By admin | 17 October 2014 | 0 Comments
SSL 3.0 [RFC6101] is an obsolete and insecure protocol. While for most practical purposes it has been replaced by its successors TLS 1.0 [RFC2246], TLS 1.1 [RFC4346], and TLS 1.2 [RFC5246], many TLS implementations remain backwardscompatible with SSL 3.0 to interoperate with legacy systems in the interest of a smooth user experience. The protocol handshake provides for authenticated version negotiation, so normally the latest protocol version common to the client and the server will be used. However, even if a client and server both support a version of TLS, the security level offered by SSL 3.0 is still relevant since many clients implement a protocol downgrade dance to work around serverside interoperability bugs. In this Security Advisory, we discuss how attackers can exploit the downgrade dance and break the cryptographic security of SSL 3.0. Our POODLE attack (Padding Oracle On Downgraded Legacy Encryption) will allow them, for example, to steal “secure” HTTP cookies (or other bearer tokens such as HTTP Authorization header contents). We then give recommendations for both clients and servers on how to counter the attack: if disabling SSL 3.0 entirely is not acceptable out of interoperability concerns, TLS implementations should make use of TLS_FALLBACK_SCSV. CVE20143566 has been allocated for this protocol vulnerability
The POODLE Attack
- The padding fills an entire block (encrypted into Cn).
- The cookies’ first asofyet unknown byte appears as the final byte in an earlier block (encrypted into Ci)
Usually, the server will reject this record, and the attacker will simply try again with a new request. Occasionally (on average, once in 256 requests), the server will accept the modified record, and the attacker will conclude that DK (Ci ) ⊕ Cn1  = 15, and thus that Pi  = 15 ⊕ Cn1  ⊕ Ci1 . This reveals the cookies’ first previously unknown byte. The attacker proceeds to the next byte by changing the sizes of request path and body simultaneously such that the request size stays the same but the position of the headers is shifted , continuing until it has decrypted as much of the cookies as desired. 1 The expected overall effort is 256 SSL 3.0 requests per byte. As the padding hides the exact size of the payload, the cookies’ size is not immediately apparent, but inducing requests GET /, GET /A, GET /AA, ... allows the attacker to observe at which point the block boundary gets crossed: after at most 16 such requests, this will reveal the padding size, and thus the size of the cookies.
The attack described above requires an SSL 3.0 connection to be established, so
disabling the SSL 3.0 protocol in the client or in the server (or both) will completely avoid it.
If either side supports only SSL 3.0, then all hope is gone, and a serious update required
to avoid insecure encryption. If SSL 3.0 is neither disabled nor the only possible protocol
version, then the attack is possible if the client uses a downgrade dance for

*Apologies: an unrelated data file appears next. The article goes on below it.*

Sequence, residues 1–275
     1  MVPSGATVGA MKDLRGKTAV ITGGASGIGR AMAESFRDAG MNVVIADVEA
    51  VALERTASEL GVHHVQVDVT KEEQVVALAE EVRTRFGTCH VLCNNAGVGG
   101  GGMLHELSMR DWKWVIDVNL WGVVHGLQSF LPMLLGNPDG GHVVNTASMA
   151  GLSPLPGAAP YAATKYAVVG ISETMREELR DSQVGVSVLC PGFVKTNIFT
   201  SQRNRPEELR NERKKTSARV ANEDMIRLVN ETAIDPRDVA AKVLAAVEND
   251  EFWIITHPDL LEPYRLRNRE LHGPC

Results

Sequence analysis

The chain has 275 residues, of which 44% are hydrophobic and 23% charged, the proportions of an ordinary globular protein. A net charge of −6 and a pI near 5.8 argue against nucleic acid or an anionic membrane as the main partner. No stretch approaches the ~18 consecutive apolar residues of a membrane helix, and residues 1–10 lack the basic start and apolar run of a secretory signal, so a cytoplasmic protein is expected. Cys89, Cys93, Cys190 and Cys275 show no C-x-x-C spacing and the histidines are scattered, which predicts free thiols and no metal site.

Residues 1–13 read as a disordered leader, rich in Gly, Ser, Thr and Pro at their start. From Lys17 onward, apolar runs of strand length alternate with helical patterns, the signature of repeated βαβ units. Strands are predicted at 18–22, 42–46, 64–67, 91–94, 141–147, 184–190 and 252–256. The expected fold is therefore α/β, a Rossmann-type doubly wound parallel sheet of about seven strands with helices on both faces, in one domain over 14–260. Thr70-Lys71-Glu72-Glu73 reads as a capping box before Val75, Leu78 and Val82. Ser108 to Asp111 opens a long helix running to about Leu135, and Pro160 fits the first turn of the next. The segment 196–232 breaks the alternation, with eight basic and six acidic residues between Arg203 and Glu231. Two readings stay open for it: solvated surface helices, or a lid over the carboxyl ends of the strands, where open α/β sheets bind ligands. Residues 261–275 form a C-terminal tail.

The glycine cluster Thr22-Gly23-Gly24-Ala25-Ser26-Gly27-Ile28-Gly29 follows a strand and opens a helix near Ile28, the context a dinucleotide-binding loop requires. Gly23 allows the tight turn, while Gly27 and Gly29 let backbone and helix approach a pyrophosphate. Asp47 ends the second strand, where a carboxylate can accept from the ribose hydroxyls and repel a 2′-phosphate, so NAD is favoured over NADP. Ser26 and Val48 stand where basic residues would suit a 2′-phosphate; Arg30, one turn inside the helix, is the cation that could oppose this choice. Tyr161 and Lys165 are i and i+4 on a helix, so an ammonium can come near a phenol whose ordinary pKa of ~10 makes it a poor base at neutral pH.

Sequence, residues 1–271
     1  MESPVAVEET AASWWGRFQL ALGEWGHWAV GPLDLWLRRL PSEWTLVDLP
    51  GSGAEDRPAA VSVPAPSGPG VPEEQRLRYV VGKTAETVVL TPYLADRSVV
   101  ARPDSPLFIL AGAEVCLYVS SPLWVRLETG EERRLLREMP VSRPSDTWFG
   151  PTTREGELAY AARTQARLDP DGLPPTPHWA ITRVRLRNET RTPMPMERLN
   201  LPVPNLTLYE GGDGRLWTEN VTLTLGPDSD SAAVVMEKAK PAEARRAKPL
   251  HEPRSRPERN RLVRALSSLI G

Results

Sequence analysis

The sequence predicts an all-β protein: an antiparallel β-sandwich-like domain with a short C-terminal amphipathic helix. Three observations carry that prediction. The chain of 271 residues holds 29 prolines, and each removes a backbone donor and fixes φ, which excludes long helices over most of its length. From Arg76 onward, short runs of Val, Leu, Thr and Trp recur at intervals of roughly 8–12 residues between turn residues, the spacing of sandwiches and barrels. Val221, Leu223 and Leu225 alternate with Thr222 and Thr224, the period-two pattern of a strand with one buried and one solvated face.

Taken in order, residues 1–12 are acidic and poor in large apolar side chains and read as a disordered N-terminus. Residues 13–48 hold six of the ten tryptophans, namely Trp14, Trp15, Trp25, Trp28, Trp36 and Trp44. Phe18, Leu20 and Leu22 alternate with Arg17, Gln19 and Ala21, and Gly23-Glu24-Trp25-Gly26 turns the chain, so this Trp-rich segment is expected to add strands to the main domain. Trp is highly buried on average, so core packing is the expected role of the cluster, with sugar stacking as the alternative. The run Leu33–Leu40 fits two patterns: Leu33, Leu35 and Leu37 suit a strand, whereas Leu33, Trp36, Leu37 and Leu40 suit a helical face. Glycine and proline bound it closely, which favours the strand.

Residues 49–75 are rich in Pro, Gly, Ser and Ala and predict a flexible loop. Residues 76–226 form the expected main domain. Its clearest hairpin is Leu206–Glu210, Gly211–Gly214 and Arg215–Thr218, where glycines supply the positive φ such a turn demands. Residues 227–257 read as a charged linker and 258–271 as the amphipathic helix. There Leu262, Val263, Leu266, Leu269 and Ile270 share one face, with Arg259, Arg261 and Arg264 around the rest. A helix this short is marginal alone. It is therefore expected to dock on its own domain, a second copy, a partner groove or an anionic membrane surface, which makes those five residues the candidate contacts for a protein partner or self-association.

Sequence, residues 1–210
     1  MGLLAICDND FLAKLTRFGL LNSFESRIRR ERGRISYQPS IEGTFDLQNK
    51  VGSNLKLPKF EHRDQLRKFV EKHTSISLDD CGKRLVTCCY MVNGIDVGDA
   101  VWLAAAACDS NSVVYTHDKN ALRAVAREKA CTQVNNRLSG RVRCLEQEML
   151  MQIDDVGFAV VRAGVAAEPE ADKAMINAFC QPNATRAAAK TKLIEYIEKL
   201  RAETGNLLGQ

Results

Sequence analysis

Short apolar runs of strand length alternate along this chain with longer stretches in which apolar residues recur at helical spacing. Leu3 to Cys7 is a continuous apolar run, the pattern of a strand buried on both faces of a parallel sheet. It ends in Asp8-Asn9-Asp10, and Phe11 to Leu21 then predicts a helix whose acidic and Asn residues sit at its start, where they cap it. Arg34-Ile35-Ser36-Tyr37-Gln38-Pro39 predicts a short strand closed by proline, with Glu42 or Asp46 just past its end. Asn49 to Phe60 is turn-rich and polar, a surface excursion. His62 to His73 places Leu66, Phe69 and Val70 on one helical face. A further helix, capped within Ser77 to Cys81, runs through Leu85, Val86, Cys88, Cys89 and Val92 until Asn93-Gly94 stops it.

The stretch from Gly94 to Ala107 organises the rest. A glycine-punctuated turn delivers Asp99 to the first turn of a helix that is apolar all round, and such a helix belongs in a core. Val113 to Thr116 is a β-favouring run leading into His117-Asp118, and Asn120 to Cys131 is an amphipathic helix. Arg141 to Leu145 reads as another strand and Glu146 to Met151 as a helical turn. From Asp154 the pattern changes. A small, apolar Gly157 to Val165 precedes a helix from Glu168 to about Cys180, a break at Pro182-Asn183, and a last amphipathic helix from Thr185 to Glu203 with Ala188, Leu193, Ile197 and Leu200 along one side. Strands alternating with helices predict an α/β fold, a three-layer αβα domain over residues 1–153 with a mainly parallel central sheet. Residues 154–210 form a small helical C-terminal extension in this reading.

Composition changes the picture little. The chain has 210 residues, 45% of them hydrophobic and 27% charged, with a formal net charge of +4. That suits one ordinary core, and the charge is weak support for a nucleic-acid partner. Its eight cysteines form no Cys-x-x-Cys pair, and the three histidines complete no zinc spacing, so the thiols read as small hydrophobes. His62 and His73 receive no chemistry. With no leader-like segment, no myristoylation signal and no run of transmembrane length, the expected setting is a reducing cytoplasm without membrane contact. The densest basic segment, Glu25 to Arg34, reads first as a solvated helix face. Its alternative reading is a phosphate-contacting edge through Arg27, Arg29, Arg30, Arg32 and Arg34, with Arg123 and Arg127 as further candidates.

Disabling SSL 3.0 entirely right away may not be practical if it is needed occasionally to
work with legacy systems. Also, similar protocol version downgrades are still a concern
with newer protocol versions (although not nearly as severe as with SSL 3.0). The
TLS_FALLBACK_SCSV mechanism from [draftietftlsdowngradescsv00] addresses the
broader issue across protocol versions versions, and we consider it crucial especially for
systems that maintain SSL 3.0 compatibility. The following recommendations summarize
how TLS_FALLBACK_SCSV works.
TLS clients that use a downgrade dance to improve interoperability should include the
value 0x56, 0x00 (TLS_FALLBACK_SCSV) in ClientHello.cipher_suites in any fallback
handshakes. This value serves as a signal allowing updated servers to reject the
connection in case of a downgrade attack. Clients should always fall back to the next
lower version (if starting at TLS 1.2, try TLS 1.1 next, then TLS 1.0, then SSL 3.0) because
skipping a protocol version forgoes its better security. (With TLS_FALLBACK_SCSV,
skipping a version also could entirely prevent a successful handshake if it happens to be
the version that should be used with the server in question.)
In TLS servers, whenever an incoming connection includes 0x56, 0x00
(TLS_FALLBACK_SCSV) in ClientHello.cipher_suites, compare ClientHello.client_version
to the highest protocol version supported by the server. If the server supports a version
higher than the one indicated by the client, reject the connection with a fatal alert
(preferably, inappropriate_fallback(86) from [draftietftlsdowngradescsv00]).
This use of TLS_FALLBACK_SCSV will ensure that SSL 3.0 is used only when a legacy implementation is involved: attackers can no longer force a protocol downgrade. (Attacks remain possible if both parties allow SSL 3.0 but one of them is not updated to support TLS_FALLBACK_SCSV, provided that the client implements a downgrade dance down to SSL 3.0.)
- [BEAST] T. Duong, J. Rizzo: “Here Come The ⊕ Ninjas”, 2011.
- [draftietftlsdowngradescsv00] B. Möller, A. Langley: “TLS Fallback Signaling Cipher Suite Value (SCSV) for Preventing Protocol Downgrade Attacks”, InternetDraft draftietftlsdowngradescsv00, 2014.
- [Lucky13] N.J. AlFardan, K.G. Paterson: “Lucky Thirteen: Breaking the TLS and DTLS Record Protocols”, IEEE Symposium on Security and Privacy, 2013.
- [RC4biases] N.J. AlFardan, D.J. Bernstein, K.G. Paterson, B. Poettering, J.C.N. Schuldt: “On the Security of RC4 in TLS and WPA”, USENIX Security Symposium, 2013.
- [RFC2246] T. Dierks, C. Allen: “The TLS Protocol Version 1.0”, RFC 2246, 1998.
- [RFC4346] T. Dierks, E. Rescorla: “The Transport Layer Security (TLS) Protocol Version 1.1”, RFC 4346, 2006.
- [RFC5246] T. Dierks, E. Rescorla: “The Transport Layer Security (TLS) Protocol Version 1.2”, RFC 5246, 2008.